SHEEP FOOTBALL AND OTHER STRANGE TALES
Paperback or eBook, 107 pages, Alpine Books, 2007
“In the United States there is more space where nobody is
than where anybody is. That is what makes America what it is.”
Imagine a place where moose outnumber people, where bears chase cyclists down mountains, where the Milky Way shines brightly in the sky, and the nearest traffic light is an hour’s drive away. In this collection of stories, essays, and a few poems Eric Pinder, author of North to Katahdin, celebrates America’s rural way of life.
Most of the essays and stories in this book were previously published in Country Extra, Bike Culture magazine, Illumen, Echoes and other periodicals. The nature writing essay “Peeking Behind the Page” was the winner of the 1995 Eclectic Rainbows Creative Nonfiction contest. (First prize was a whole $100.) The short story “Regarding Mr. Sanders,” on the other hand, kept collecting ten years worth of “close but not quite” rejection slips.
Here’s a sample of what you’ll find in Sheep Football:
Once every four years in rural New Hampshire, the world turns upside down. Governors, senators, and presidents grovel and beg at the feet of farmers, teachers, and Wal-Mart clerks. Powerful politicians are eager to shower you with praise, lower your taxes, pave your roads, finance your schools, and kiss your babies. Suddenly you can’t turn around without bumping into someone who’s running for president. The only escape is to stay indoors and disconnect your phone. In the humorous essay “Signs of the Times,” experience the New Hampshire Primary—the way it used to be.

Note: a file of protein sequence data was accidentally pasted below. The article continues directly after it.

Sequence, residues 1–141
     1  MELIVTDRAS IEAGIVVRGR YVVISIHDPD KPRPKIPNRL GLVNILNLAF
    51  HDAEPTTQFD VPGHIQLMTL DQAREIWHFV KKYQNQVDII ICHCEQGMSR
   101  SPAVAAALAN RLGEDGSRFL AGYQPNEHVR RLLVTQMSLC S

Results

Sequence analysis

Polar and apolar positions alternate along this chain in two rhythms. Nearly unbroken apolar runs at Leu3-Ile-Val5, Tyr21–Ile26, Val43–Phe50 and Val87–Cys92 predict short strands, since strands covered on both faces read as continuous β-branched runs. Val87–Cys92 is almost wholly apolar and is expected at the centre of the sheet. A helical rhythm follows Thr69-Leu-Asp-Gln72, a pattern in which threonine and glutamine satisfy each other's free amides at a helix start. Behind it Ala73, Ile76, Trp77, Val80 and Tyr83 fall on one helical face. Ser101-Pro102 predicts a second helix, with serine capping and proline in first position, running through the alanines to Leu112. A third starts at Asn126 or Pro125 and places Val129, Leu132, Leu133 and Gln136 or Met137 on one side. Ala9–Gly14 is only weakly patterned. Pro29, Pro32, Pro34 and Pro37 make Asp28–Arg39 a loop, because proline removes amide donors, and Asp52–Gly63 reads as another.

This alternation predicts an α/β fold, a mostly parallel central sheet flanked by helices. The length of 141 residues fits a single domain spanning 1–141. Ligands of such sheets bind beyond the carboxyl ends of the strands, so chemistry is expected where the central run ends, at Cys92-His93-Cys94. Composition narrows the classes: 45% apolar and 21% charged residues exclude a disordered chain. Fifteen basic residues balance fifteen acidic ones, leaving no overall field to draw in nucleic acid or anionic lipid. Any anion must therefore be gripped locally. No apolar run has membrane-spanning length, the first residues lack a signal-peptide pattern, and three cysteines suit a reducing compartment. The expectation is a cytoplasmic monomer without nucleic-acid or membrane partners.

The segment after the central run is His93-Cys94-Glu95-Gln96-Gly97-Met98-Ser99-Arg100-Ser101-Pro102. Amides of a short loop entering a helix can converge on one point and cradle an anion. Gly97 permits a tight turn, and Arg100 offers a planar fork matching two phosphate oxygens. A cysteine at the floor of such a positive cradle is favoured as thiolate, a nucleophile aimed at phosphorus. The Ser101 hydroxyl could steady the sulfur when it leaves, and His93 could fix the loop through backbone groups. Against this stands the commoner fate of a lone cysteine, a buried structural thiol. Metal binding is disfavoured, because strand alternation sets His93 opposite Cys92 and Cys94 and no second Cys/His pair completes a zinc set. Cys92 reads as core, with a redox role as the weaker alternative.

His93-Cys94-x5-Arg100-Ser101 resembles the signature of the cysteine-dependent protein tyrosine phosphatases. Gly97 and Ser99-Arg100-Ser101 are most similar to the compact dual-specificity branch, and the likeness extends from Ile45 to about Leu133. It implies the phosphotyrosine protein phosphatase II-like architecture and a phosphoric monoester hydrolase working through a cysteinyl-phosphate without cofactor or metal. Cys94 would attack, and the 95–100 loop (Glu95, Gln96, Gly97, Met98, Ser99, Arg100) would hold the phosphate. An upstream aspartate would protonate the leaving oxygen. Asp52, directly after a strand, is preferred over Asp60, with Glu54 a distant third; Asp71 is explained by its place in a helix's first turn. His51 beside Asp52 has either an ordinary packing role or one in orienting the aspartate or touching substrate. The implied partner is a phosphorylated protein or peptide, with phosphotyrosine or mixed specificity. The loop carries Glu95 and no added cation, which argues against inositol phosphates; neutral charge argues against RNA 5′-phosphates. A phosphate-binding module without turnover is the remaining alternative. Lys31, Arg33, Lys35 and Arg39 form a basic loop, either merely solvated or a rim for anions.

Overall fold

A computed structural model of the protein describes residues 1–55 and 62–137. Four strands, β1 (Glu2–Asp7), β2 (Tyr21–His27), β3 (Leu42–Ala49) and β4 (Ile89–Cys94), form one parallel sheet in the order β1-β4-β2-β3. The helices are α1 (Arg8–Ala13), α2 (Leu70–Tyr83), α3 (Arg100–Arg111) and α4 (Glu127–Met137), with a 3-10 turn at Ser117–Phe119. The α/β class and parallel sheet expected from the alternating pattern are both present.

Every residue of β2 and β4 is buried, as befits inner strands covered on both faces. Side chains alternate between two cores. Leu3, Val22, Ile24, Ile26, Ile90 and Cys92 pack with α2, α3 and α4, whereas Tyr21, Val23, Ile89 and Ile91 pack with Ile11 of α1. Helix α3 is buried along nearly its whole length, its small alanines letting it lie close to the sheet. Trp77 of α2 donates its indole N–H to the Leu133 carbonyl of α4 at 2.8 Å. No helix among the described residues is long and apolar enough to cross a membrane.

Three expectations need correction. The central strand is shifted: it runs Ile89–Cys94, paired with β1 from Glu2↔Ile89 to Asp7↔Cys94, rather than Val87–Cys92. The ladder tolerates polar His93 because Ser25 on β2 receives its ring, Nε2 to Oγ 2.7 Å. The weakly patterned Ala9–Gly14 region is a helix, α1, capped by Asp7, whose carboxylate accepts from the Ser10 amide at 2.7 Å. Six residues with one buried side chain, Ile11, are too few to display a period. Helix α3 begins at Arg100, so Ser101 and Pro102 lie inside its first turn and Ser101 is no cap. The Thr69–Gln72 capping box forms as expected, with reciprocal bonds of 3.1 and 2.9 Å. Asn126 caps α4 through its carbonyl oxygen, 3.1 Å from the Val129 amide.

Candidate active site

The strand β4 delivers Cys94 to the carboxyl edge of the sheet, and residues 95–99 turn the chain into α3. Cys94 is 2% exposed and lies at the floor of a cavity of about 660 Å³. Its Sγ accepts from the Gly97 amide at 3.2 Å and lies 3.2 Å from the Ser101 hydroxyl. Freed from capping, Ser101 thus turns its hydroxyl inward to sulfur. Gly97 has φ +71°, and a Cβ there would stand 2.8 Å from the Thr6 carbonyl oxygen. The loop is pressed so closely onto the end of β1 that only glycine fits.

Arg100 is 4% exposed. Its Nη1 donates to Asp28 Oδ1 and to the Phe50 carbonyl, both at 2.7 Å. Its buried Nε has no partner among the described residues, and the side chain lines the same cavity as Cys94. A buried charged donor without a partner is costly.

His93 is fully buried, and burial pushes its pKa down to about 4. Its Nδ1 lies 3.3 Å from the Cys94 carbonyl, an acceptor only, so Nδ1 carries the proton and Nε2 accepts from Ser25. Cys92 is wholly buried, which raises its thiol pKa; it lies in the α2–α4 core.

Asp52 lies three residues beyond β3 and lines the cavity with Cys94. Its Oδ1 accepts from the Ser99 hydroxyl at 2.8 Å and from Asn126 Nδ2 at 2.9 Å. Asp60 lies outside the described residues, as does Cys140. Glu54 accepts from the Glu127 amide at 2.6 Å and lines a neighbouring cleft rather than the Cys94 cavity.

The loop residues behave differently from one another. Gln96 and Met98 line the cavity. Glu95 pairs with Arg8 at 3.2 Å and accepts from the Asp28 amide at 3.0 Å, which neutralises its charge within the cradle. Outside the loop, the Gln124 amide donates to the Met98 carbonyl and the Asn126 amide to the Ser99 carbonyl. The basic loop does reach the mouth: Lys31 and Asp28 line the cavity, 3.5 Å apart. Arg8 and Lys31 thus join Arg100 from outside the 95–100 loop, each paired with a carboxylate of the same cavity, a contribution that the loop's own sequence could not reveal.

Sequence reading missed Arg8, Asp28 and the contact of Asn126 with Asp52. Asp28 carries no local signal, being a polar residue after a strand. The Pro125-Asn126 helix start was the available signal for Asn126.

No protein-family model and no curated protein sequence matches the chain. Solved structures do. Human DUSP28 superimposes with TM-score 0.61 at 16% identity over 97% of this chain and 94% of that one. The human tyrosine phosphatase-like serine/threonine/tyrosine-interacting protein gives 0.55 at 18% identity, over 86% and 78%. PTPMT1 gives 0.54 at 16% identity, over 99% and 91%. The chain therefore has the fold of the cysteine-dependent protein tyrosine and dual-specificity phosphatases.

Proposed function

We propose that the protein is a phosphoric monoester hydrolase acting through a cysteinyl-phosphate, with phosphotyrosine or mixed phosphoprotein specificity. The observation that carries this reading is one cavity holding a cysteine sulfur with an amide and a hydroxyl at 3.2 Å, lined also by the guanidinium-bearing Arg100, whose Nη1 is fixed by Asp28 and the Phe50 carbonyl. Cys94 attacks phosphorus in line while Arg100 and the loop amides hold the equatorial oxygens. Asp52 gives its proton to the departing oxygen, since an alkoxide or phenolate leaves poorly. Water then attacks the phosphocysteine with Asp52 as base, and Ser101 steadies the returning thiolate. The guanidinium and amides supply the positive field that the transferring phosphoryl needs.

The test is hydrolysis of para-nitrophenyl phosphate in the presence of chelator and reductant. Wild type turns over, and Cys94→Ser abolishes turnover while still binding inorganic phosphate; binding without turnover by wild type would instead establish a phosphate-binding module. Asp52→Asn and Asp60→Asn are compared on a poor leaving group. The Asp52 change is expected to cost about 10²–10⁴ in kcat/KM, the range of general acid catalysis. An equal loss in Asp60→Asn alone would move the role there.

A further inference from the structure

Are sheep the stupidest of the mammals? Are border collies the smartest? Morning chores on the farm become a battle of brawn versus brain in “Sheep Football.”
A young park ranger gets paid to tolerate tourists and execute bears. He’d rather just go hiking. In the short story “An Eye for Detail,” he stomps into the wilderness in search of job satisfaction.
Enjoy these tales and two dozen more—some funny, some sad—in a book that transports you from the vanishing family farm to the windswept summit of Mount Washington to the cold beaches of Maine.
Chapters also include:
THE POET BEHIND THE TELESCOPE (about Milton and Galileo)
AN EYE FOR DETAIL
BEAR WITH ME
TWO WHEELS GOOD
UP, UP AND AWAY
THE CAT WITH 10 LIVES
VARIOUS THUMPING ARGUMENTS
A FARMER’S ALMANAC
CLUELESS (A mock murder mystery)
A MORNING FOR ARTISTS AND PREACHERS
LONELY STANZA (a sad poem. Andrew Salkey liked this one.)